Alumni Celebration Gala | Webster University

Alumni Celebration Gala

Good evening and welcome to this year's Alumni Celebration Gala. Paul and I are pleased to be with you this evening. It is an honor and a pleasure to be with you for this "dance through the decades," a celebration of alumni award winners and reunion honor classes. We are happy to gather with our honorees, their families and friends.

So many good things are happening at Webster.  You should be proud of your alma mater!  We welcomed the largest freshmen class since 1999 this fall, with 502 first-year undergraduates at the home campus. These students will participate in our new global citizenship program, which is a general education program and set of undergraduate degree requirements designed to ensure that every undergraduate student emerges from Webster with the core competencies required for responsible global citizenship in the 21st century. 

Students will also be able to study at our new Accra, Ghana campus, which we learned on Thursday of this week has been approved by the U.S. Higher Learning Commission.  This is monumental step in Webster’s history as we follow in the footsteps of our founders who took great pride in providing access to higher education in areas of greatest need, meeting students where they are.  And the University is being recognized with multiple awards and accolades for its innovative approach to teaching and learning.  We were most pleased that Webster moved up in the U.S. News & World Report rankings this fall, from number 28 two years ago, to number 21 this year. Webster is also ranked #1 in top 25 Regional Midwestern Universities.

But behind the numbers and the accolades – at the very heart of Webster – are inquisitive students meeting with talented faculty – learning together, asking questions, understanding cultures, evaluating assumptions and arguments, communicating ideas and developing plans to solve problems.  It is the inspiration that happens – on both sides of learning – that has been the hallmark of Webster since its founding, and that continues today.

I want to take this moment to acknowledge members of the Webster University community who are present tonight; please raise your hand if you are faculty, staff, or an administrator at the University. So tonight, we are celebrating alumni . . . and how you have taken your Webster learning and inspiration with you into the world . . . and hearing the stories of what you have done, how you have built upon your Webster education and how you are making a difference. 

Dancer and choreographer, Agnes de Mille, once said: "The truest expression of a people is in its dance and in its music." Tonight we celebrate our alumni award winners and honor classes through the music and dance of the past eight decades, which represents those alumni in attendance with us this weekend.   The music of each decade will evoke the memories and dance moves, of those days at Webster. The de Mille quote also speaks to the rich diversity of the Webster global alumni community. Our honorees tonight represent a diverse group of individuals.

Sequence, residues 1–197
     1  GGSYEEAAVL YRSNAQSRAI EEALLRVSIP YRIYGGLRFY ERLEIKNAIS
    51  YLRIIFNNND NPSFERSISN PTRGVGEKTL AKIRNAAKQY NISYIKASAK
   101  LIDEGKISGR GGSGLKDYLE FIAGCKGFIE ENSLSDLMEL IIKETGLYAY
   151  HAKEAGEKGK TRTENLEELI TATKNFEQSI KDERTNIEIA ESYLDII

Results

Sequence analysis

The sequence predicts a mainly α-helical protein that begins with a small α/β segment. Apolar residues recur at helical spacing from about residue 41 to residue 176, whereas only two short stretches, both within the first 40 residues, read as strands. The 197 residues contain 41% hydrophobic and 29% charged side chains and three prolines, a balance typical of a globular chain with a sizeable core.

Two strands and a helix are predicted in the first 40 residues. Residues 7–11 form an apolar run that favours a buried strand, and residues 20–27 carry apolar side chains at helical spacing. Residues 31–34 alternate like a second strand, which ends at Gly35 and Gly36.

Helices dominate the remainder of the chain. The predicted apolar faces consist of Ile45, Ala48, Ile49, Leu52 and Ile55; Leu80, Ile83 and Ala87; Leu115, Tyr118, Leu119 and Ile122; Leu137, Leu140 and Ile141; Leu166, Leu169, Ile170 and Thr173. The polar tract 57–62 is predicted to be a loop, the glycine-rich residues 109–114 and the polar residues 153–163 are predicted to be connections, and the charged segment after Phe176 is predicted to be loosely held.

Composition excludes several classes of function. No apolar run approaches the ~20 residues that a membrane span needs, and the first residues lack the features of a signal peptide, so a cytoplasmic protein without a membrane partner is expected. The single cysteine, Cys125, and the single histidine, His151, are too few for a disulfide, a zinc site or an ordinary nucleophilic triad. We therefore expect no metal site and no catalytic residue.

Everyday Webster alumni step forward and make a difference in their part of the world: Business leaders who are facing the challenges and opportunities of a global marketplace; teachers developing innovative methods to make learning fun for our children; nurses caring for our sick and elderly with compassion and patience; or serving as first responders in emergency situations; military personnel serving our country. Members of our worldwide alumni community cross all lines of careers and meaningful occupations; harbor a myriad of hopes and dreams; and take pride in their own accomplishments and successes. We celebrate them all every day and applaud their achievements.

Tonight, as we dance through the decades, we celebrate the milestone classes of –

  • 1943 – who were dancing to Glenn Miller’s “That Old Black Magic”
  • 1963 – who were “Surfin’ USA” with The Beach Boys
  • 1968 –who were “Sittin’ on the Dock of the Bay” with Otis Redding
  • 1973 - who were doing the “Crocodile Rock” with Elton John
  • 1983 – who were dancing “Down Under” with Men at Work
  • 1993 – who were trying to hit the high notes in Whitney Houston’s “I Will Always Love You”
  • 1998 – who were “Getting’ Jiggy wit It” and Will Smith
  • 2003 – who were asking “Where is the Love” with The Black Eyed Peas
  • 2008 – who were “Viva la Vida” with Cold Play

To all of our Reunion classes, your spirit of camaraderie and dedication to the memory of your years on campus is endearing and a testament to the quality experience you found at Webster. Congratulations to our Reunion Honor classes. Please stand and be recognized.

Tonight we also honor five individuals who exemplify the Webster mission and vision through their work and achievements. We will meet: a young screenwriter who is already seeing her name scrolling in the credits; a writer who teaches people who no one else will teach; a successful television producer who shares her time, talent and treasure with Webster students; an alumna whose association with Webster spans almost eighty years; and one of only a handful of women chief executives who leads a Fortune 500 company. 

I look forward to learning more about these extraordinary people tonight. And I thank each of them for taking the values they acquired here out into the world and making a difference. Henry Wadsworth Longfellow once said, "Music is the universal language." As we continue our dance through the decades, I hope you will celebrate what unites us here tonight, the universal language of Webster and the part it plays in your life's dance. Congratulations everyone on this special occasion.